Sunday Sermon [Playing the Whole Tape]

Hola mi Gente,

I hope you’re enjoying our Sunday doing what you like best.

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02-21-16_ Sunday Sermon [Playing the Whole Tape]

Playing the Whole Tape

If dogs could talk, perhaps we should find it as hard to get on with them as we do with people.

— Karel Capek (1890-1938) Czech journalist


A telephone call recently reminded of a commercial of some time ago. In it, a young man enters an elevator to find himself next to a beautiful woman. As he appreciates her form, he fantasizes about a life with her. Unbeknownst to him the woman is similarly fantasizing about him.

At first the fantasies are all pink cloud type bullshit. You know the myth: happily ever after, love, love, love. They are both very beautiful… blah blah blah. But then the fantasies fast-forward: children, arguing, and disappointments move in rapid succession. Then finally, the once beautiful woman is old and wrinkly, hardly recognizable. The young virile man is pot-bellied, bald, and ugly. By the time the elevator reaches the lobby both actors run away from one another as quickly as possible!

I used to love that commercial because I felt it offered a very important life lesson: that everything is not as it seems and that everything in life changes. The once beautiful woman will grow old and her body will fall prey to the brutal ravages of gravity. The once virile young man will become old, incontinent, and equally unattractive. More importantly, however, the commercial spoke to a truth of how our loneliness — this essential feeling as feeling apart from — drives unrealistic fantasies.

Similarly, when we see a seemingly happy couple walking hand in hand down the street, or through a park, all we see is what we assume is their happiness. We do this especially if we’re single and feeling inadequate about not being attached to another human life form. And let’s be clear: the fact remains that it’s very easy to feel a certain degree of inadequacy if you’re part of a culture that sees singlehood as an aberration.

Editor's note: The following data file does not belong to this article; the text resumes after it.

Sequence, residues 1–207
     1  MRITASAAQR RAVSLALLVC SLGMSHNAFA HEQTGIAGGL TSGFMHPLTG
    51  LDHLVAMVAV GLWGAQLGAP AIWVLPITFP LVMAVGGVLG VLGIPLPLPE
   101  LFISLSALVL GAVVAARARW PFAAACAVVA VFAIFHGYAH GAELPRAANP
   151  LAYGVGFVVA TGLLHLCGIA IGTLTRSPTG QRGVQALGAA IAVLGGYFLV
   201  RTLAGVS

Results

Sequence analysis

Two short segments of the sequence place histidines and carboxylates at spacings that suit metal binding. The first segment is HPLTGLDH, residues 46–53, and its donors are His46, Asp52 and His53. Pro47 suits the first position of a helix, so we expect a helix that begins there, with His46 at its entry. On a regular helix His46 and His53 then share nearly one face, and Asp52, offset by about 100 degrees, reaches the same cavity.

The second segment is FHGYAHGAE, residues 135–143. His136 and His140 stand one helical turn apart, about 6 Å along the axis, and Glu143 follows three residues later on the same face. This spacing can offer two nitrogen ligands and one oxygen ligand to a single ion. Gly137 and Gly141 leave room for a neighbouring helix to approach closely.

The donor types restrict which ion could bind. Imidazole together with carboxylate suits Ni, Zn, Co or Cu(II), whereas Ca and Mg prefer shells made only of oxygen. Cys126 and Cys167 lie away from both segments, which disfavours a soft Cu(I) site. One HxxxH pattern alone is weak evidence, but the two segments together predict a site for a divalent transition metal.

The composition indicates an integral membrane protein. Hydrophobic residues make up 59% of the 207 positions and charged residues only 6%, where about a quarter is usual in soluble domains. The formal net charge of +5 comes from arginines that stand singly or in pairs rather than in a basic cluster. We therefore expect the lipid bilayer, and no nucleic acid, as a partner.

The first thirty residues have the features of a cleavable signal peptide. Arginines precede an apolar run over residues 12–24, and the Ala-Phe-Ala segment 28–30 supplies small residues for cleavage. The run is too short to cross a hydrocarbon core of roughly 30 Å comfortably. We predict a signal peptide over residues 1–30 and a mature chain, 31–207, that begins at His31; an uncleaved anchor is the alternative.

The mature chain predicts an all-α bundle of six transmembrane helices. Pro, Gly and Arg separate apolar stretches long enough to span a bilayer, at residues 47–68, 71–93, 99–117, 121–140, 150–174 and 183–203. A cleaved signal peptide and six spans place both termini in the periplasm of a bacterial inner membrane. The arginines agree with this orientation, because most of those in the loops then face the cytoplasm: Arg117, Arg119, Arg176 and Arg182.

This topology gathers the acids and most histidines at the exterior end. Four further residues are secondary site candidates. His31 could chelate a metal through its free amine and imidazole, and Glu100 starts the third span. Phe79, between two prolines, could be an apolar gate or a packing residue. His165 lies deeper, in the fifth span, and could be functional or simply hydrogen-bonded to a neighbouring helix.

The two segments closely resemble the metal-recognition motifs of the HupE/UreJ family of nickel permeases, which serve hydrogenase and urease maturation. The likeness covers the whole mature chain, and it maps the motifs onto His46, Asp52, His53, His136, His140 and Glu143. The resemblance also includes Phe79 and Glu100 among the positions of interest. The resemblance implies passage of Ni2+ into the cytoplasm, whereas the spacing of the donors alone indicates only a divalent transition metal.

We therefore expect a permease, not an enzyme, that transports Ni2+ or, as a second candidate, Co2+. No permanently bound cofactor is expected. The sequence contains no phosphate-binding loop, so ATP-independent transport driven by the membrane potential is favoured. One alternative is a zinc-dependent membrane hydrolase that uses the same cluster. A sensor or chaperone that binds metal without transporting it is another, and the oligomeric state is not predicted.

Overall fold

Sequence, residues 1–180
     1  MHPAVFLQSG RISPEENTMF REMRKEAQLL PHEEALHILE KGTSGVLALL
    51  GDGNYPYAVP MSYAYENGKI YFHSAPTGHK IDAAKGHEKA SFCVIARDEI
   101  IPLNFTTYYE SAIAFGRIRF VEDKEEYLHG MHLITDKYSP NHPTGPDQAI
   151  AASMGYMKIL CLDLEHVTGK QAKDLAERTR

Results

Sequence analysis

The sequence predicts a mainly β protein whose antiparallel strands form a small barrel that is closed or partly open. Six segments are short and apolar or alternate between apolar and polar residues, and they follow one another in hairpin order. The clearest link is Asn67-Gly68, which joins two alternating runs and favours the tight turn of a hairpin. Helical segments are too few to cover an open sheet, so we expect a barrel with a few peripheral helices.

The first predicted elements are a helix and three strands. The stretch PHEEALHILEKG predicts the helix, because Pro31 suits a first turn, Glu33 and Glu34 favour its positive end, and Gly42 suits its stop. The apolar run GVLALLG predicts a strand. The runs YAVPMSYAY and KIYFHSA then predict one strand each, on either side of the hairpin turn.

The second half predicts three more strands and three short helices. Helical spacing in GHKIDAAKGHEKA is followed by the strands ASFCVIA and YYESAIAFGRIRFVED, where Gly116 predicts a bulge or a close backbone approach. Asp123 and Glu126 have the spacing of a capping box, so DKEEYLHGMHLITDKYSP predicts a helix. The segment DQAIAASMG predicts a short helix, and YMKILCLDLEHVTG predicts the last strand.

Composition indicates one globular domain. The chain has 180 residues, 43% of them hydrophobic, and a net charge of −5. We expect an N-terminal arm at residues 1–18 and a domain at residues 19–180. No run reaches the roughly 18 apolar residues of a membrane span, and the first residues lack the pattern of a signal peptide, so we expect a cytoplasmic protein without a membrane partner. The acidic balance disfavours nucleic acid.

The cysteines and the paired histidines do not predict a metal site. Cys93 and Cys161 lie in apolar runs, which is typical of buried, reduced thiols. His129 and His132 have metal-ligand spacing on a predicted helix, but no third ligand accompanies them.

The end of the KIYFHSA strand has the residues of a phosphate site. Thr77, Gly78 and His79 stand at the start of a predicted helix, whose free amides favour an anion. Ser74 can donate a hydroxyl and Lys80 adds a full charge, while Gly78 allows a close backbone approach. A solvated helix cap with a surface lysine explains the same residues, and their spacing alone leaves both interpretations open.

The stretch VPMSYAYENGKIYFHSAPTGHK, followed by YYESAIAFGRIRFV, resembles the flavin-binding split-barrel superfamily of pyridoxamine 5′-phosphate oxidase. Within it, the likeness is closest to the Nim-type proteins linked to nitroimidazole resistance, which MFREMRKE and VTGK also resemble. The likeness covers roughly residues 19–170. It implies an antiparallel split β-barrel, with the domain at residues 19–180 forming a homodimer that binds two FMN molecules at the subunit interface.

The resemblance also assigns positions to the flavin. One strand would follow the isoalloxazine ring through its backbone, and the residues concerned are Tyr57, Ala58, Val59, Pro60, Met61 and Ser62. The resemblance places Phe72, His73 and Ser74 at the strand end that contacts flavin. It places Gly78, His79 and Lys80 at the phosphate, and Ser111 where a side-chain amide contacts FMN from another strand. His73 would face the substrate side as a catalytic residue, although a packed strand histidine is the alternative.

But back to my initial tack. I run that commercial in my head all the time. More precisely, I use a similar strategy when I look at relationships with people, life situations, or roads not taken, in my daily life. If I see a woman who I find attractive, I run my fantasy on fast forward. I see a couple, and I run my projection of that situation in fast forward. I forget where I learned this, but it was taught to me as the practice of “playing the whole tape.”

It saves me from a lot of unnecessary drama. For example, the call I mentioned earlier was from a former lover who is now married. We had an off/ on long-distance relationship (she lives in the New England area) for a number of years. Frankly speaking, she was certifiable (so am I). She is beautiful, loving (in her own way), intelligent, but she was fuckin nuts. Sometimes, when I’m tempted to revisit that insanity, as I did when she called me recently, I “play the whole tape.” I don’t just play the tape to the part of where we are entwined in passionate love-making, but instead keep playing the tape past the orgasm to the insanity: the mood swings, the irrational jealous rages, and the fear of intimacy that makes her shut off huge expanses of her emotional landscape.

It’s the same when I see a situation that I might desire. I might see a couple enjoying a walk through Central Park, for example, and immediately it seems that the impulse is to idealize the woman or couple. But that woman, while a raging beauty, may be some other person’s bane of existence. Similarly, that couple may be on the verge of a divorce or separation. My tendency is to make the fundamental attribution error of seeing only the bucolic or idealized image of a beautiful woman or a “happy” couple. I am also aware that the opposite may be true, respectively speaking. But if I play the whole tape, the illusion that they are in an idealized world and I am not, dissolves.

What becomes obvious is that every idealized moment — whether actual or hoped for — is both full with life and empty, often forgotten without a trace.

And here’s my point (and it’s not an earth-shattering one, so it may be lost): When you’re able to experience these two feelings — fullness and emptiness — simultaneously, your life is free and becomes an expression of love. What that means is that you arrive at a state where there is no need for the indulgence of memory or fantasy, good or bad.

What this means is that if you choose momentary great experiences over the surrender to love’s expression, you’ll never “play the whole tape” and be lost in a world of confusion. You can choose: a routine and dreadful life, sprinkled with a few great moments, or the ever explosive offering of your heart’s deepest love.

My name is Eddie and I’m in recovery from civilization…


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